Chapter 2: Gas chromatography and mass spectroscopy techniques for the detection of chemical contaminants and residues in foods

    Abstract:

    2.1 Introduction

    2.2 Gas chromatography injection techniques

    2.3 Gas chromatography separation strategies 2.3.1 Conventional GC

    2.4 Gas chromatography-mass spectrometry detection

    2.5 Validation of new analytical methods

    2.6 Applications and future trends

    2.7 Acknowledgements

    2.8 Sources of further information

    Chapter 3: Applications of HPLC-MS techniques for the analysis of chemical contaminants and residues in food

    Abstract:

    3.1 Introduction

    3.2 Ionisation techniques

    3.3 Mass spectrometer systems

    3.4 Screening and identification using HPLC-MS

    3.5 Quantification using HPLC-MS

    Chapter 4: Cell-based bioassays for the screening of chemical contaminants and residues in foods

    Abstract:

    4.1 Introduction

    4.2 Description of bioassays

    4.3 Transcriptomics fingerprinting technologies

    4.4 Workflow of a transcriptomics fingerprinting-based screening strategy

    4.5 Applications of transcriptomics fingerprinting for the screening of chemical contaminants and residues in foods

    4.6 Conclusion and future trends

    4.7 Acknowledgements

    4.9 Appendix: Abbreviations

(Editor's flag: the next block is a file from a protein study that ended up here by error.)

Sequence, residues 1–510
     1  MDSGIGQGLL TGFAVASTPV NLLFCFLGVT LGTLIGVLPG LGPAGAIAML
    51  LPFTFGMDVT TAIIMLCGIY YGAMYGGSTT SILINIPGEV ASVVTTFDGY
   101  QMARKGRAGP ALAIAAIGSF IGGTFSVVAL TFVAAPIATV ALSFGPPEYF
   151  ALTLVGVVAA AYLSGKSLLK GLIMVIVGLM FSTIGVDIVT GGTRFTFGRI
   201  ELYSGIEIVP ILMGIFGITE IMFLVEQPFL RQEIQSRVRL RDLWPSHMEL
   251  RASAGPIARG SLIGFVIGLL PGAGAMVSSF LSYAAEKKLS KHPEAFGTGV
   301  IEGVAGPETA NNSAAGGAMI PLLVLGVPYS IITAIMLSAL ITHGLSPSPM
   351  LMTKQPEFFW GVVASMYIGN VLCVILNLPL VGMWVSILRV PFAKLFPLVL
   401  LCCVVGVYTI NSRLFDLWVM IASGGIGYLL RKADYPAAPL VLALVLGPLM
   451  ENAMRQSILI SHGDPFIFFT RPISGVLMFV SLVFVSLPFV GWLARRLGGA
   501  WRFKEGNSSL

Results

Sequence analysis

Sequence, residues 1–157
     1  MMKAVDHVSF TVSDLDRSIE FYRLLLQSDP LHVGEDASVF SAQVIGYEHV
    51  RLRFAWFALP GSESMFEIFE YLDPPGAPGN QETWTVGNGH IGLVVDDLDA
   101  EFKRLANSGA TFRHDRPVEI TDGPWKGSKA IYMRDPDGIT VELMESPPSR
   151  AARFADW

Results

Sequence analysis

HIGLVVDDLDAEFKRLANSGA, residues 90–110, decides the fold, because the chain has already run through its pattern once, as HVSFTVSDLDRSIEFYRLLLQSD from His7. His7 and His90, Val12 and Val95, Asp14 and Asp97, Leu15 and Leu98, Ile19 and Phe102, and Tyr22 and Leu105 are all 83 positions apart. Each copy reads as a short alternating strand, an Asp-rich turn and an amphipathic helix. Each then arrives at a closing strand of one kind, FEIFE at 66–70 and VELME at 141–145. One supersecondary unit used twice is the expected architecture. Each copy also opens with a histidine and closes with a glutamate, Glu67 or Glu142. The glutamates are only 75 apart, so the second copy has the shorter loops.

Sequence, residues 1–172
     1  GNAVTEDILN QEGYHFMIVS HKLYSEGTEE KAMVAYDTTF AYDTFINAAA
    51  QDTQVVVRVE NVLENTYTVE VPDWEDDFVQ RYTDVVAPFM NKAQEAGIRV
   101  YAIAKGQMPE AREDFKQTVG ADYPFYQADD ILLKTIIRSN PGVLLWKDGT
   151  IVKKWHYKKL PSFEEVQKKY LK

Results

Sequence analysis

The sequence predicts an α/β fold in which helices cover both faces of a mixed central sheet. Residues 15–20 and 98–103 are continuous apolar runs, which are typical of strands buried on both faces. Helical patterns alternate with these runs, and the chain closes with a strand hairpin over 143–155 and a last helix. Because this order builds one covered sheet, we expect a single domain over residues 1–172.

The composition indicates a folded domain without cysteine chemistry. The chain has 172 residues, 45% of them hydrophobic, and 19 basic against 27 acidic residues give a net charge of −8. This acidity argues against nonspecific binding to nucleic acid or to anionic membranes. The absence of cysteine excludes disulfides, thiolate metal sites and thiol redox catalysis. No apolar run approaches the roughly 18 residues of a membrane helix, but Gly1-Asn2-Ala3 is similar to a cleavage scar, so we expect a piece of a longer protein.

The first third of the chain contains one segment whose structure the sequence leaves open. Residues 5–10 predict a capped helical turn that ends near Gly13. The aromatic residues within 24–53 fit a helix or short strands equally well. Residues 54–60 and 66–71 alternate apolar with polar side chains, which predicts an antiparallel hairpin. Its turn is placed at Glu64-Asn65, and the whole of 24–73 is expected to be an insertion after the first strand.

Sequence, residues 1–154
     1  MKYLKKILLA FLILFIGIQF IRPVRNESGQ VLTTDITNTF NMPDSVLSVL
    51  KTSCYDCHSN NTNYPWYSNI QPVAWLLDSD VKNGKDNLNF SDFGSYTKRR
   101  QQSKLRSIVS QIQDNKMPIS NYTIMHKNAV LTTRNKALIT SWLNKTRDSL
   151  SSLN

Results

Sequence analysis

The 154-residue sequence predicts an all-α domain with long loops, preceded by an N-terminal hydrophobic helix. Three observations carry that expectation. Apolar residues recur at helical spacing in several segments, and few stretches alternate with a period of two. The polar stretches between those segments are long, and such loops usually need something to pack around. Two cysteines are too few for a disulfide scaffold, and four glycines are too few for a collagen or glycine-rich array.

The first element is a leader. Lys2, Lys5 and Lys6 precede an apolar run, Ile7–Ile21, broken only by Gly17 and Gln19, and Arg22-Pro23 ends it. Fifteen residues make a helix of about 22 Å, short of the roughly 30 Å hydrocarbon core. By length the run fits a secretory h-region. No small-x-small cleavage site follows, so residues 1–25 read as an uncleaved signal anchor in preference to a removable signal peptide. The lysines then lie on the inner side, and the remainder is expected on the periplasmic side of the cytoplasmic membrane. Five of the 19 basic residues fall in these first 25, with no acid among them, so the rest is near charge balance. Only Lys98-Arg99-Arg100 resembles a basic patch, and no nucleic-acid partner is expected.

Part II: Major chemical contaminants of foods

    Chapter 5: Dioxins and polychlorinated biphenyls in foods

    Abstract:

    5.1 Introduction

    5.2 Properties and occurrence of polychlorinated dibenzo-p-dioxins and dibenzofurans (PCDD/Fs)

    5.3 Toxicity of polychlorinated dibenzo-p-dioxins and dibenzofurans (PCDD/Fs)

    5.4 Toxic effects of polychlorinated dibenzo-p-dioxins and dibenzofurans (PCDD/Fs) in humans and experimental animals

    5.5 Properties and occurrence of polychlorinated biphenyls (PCBs)

    5.6 Toxicity of polychlorinated biphenyls (PCBs)

    Chapter 6: Emerging environmental organic contaminants in foods

    Abstract:

    6.1 Introduction

    6.2 Polychlorinated naphthalenes (PCNs)

    6.3 Brominated flame retardants (BFRs)

    6.4 Polybrominated dibenzo-p-dioxins and furans (PBDD/Fs)

    6.5 Mixed bromo-chloro dibenzo-p-dioxins and dibenzofurans (PXDD/Fs) and mixed bromo-chloro biphenyls (PXBs)

    6.6 Perfluorooctane sulfonic acid (PFOS) and related substances

    6.7 Conclusion

    Chapter 7: Veterinary drug residues in foods

    Abstract:

    7.1 Introduction: risk assessment and risk management of veterinary drug residues

    7.2 Major causes of the presence of drug residues

    7.3 Group A – residues of substances which have an anabolic effect and unauthorised substances

    7.4 Group B – residues of veterinary drugs: antibacterial substances

    7.5 Residues of other veterinary drugs